Sunbeds for monkeys?
Published: Apr 12, 2017Tanning parlours for primates? Not quite - but monkeys need sunlight just like us.
Sunlight is something we all need, want and often don’t get enough of, especially in the winter. That can be the case for animals, too. Natural sunlight has lots of different components; one vital ingredient is Ultraviolet (UV), specifically Ultraviolet-B (UVB) radiation. UVB affects vitamin D uptake, which plays a vital role in maintaining bone health in humans and many other animals such as monkeys.
Primates in zoos often don’t obtain enough natural sunlight to maintain optimal vitamin D levels. Although luckily not the case for our animals – that’s the joy of living on the English Riviera - inadequate vitamin D levels can lead to metabolic bone disorders such as rickets. There are different ways of treating this condition, such as adding vitamin D supplements to the diet or providing artificial UVB lighting to create “indoor sunlight”.
My project, as part of a placement year in the Field Conservation and Research Department at Paignton Zoo, is focussing on the behavioural and physiological effects of providing artificial UVB lighting for brown spider monkeys (Ateles hybridus). We have five individuals at Paignton Zoo; Paru, Lijuana, Luna, Sophie and JR.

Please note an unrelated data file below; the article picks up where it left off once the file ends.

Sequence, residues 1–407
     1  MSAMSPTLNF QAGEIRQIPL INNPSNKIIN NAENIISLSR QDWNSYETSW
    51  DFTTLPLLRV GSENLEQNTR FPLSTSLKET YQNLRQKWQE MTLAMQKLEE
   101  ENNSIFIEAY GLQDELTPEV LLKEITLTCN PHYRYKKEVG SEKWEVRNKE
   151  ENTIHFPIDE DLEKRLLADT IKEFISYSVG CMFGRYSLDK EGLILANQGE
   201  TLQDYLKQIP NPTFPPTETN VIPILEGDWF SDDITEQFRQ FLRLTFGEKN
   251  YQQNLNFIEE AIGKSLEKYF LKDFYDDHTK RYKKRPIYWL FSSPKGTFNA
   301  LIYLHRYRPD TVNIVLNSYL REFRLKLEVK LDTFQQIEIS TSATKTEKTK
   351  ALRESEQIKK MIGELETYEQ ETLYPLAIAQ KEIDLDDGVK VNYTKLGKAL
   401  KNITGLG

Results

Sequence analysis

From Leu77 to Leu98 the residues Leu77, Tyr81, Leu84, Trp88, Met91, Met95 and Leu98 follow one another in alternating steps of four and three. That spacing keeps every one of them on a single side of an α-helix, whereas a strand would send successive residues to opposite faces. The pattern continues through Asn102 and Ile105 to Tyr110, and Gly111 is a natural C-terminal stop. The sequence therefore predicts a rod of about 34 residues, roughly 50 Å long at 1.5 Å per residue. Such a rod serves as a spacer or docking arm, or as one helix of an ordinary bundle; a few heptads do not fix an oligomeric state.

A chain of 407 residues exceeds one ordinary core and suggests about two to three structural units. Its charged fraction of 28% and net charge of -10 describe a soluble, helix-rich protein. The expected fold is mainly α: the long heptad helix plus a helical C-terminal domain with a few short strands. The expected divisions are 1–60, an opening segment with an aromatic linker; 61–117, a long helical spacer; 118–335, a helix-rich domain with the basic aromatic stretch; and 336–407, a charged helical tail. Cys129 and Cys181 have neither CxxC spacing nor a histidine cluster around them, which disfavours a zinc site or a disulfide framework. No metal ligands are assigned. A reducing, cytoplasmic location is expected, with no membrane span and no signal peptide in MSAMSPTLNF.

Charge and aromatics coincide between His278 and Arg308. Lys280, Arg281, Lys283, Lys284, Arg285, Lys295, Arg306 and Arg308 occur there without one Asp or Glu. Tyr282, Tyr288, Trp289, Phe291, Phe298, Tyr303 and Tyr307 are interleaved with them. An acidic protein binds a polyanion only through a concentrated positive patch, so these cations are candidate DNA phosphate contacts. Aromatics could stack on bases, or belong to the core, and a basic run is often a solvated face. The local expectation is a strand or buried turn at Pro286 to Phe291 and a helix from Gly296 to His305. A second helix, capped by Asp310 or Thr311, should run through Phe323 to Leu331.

The UVB light is located above one of the platforms in their enclosure; I am doing a behavioural study to find out how they are reacting to the UVB bulbs. I want to know if they change their enclosure use or behaviour due to the new lighting; do they avoid or go towards the platform directly below the lights and/or do they show wild-type basking behaviours when on the platform? Next, I will be putting two spotlights beside the UVB bulbs to create a “sunbeam” directly onto the platform – the aim is to encourage them to use the platform and perform basking behaviour.
Alongside this, I am looking into the physiological effects of the UVB light through faecal sampling, investigating how the presence of UVB affects internal calcium levels. This will hopefully give us a non-invasive way of looking at vitamin D levels and to assess bone health.
I hope that, at the end of my placement, my results will contribute to improving the health and welfare of primate species in zoos across the country.
Ignatius-Roy Hillcoat-Nalletamby, Placement Student